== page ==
For developers, it sometimes feels like the job is over after the launch party, but for support staff, the postlaunch celebration usually marks the beginning of crunch time. While development and support staff often seem at odds because their agendas are not closely aligned, they’re part of the same team to the customer. Consider the following:

  • Product management and development are focused on creating new products and services to meet customer demands. They need to build something that customers will pay money to own. This means they are a profit center.
  • Customer care and support staff are focused on the “proper care and feeding” of existing customers who have already purchased a product from your company. Support is a cost center because, even with paid support contracts, it costs money to support customers.

Share product knowledge during the development life cycle
While you’re analyzing requirements, writing specifications, and coding, support staff are already working with your company’s customer base. They need to prepare themselves and their call center representatives to support a new product and the increased support load it will bring.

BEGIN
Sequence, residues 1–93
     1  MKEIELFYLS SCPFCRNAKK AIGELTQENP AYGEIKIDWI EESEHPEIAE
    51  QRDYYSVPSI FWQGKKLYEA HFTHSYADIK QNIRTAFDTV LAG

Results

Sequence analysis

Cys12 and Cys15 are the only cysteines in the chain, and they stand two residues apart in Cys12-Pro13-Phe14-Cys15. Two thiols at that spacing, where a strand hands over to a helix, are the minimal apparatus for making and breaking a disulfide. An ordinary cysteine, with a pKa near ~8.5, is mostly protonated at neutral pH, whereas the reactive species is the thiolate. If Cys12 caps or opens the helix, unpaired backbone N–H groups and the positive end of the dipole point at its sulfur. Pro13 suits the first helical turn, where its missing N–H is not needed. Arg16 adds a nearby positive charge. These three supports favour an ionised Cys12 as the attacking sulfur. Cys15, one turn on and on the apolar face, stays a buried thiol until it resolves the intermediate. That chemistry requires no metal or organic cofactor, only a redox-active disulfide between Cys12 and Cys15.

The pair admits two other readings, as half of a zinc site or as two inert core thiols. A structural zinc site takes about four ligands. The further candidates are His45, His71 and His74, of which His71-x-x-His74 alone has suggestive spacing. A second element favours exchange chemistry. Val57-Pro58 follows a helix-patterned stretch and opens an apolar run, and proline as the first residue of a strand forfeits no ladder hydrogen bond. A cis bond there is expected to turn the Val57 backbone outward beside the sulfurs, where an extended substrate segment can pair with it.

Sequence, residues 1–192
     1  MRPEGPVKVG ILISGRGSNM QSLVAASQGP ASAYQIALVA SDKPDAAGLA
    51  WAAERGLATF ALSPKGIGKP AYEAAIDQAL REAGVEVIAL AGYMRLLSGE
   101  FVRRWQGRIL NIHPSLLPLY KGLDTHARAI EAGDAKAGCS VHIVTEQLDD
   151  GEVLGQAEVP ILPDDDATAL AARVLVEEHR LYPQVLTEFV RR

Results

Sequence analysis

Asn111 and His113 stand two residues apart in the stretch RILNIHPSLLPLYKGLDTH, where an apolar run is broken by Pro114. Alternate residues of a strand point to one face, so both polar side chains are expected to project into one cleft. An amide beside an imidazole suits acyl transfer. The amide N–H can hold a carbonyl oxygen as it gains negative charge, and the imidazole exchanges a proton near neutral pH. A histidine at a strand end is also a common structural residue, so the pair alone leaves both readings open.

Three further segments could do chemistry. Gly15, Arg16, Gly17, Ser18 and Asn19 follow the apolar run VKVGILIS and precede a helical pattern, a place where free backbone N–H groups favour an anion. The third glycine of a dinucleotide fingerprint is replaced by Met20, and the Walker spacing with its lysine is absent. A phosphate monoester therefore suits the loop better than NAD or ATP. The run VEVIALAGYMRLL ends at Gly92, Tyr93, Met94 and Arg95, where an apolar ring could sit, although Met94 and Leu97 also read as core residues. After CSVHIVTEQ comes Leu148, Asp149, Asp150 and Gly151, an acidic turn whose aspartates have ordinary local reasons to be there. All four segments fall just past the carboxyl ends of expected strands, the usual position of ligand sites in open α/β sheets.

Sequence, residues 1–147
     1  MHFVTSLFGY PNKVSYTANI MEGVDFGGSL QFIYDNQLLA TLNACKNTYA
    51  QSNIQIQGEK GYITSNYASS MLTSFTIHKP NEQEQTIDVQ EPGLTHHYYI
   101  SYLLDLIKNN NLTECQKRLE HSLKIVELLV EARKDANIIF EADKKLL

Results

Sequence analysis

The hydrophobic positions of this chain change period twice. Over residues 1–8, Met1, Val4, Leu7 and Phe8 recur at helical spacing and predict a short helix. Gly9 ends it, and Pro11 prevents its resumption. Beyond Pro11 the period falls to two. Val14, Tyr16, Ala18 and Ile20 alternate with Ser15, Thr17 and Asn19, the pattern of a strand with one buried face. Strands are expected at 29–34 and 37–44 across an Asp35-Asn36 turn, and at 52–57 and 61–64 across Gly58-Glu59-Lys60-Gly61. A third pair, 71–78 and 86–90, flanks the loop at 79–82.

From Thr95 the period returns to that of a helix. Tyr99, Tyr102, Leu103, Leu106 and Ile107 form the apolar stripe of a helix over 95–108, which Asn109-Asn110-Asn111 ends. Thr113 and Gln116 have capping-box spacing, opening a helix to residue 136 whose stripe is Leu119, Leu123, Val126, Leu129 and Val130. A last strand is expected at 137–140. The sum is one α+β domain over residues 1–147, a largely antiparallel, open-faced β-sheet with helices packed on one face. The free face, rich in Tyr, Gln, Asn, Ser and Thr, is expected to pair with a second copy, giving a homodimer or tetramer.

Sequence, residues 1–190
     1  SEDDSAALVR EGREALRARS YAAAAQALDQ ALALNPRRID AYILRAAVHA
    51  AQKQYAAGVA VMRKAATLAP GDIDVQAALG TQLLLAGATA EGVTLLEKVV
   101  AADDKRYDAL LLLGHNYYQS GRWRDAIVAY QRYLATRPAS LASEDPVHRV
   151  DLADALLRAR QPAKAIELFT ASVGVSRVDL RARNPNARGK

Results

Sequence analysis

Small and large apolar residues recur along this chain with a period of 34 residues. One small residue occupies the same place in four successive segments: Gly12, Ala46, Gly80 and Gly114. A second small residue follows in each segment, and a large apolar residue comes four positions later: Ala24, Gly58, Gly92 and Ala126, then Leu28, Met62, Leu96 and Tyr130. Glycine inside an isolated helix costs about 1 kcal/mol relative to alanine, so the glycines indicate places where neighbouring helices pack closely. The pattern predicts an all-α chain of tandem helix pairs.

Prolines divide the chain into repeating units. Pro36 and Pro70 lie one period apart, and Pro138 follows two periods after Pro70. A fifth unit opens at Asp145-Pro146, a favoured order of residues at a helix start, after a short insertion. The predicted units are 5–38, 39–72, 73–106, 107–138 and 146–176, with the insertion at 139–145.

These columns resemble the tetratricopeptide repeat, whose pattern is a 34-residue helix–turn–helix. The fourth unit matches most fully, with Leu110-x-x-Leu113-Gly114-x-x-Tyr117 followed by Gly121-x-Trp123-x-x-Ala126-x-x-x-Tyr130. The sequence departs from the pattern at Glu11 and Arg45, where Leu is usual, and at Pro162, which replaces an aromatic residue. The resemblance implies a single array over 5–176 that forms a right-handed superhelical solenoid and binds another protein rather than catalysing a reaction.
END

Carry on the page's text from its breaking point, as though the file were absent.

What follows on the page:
Product management, development, and marketing amass a wealth of information during product development and launch, and support staff members need that information to be knowledgeable about the product they’re supposed to support. The need is even greater if your support efforts are outsourced to a third-party provider.

Educate your support staff as part of the development process
Here are some ways to educate your support staff during the software development life cycle:

  • Include support in your requirements documentation. For example, support staff may have good input on requirements for technical documentation and service level agreements.
  • Include representatives from your company’s support staff during the development of functional specifications.
  • Maintain archives of mock-ups, proofs of concept, presentations, and related materials in an accessible location on your corporate intranet or network, and let support know where to find them. Also, advise them of the “freshness” of these archived materials.
  • If your project teams use internal e-mail lists or intranet sites for the dissemination of project communications, make sure representatives from the support staff have access to this information.
  • Include support staff as part of the review cycle for the documentation. User guides, administrator guides, and other application-level documentation can bolster support’s knowledge base and improve call center representative training.
  • Include representatives from the support staff in any kind of user acceptance or informal testing efforts.
  • Include representatives from the support staff in beta testing with live customers.

A small investment goes a long way
Knowledge transfers between development and support at key milestones in the product life cycle serve your company and your customers by keeping support costs down and support staff up to date on the questions that customers are sure to ask.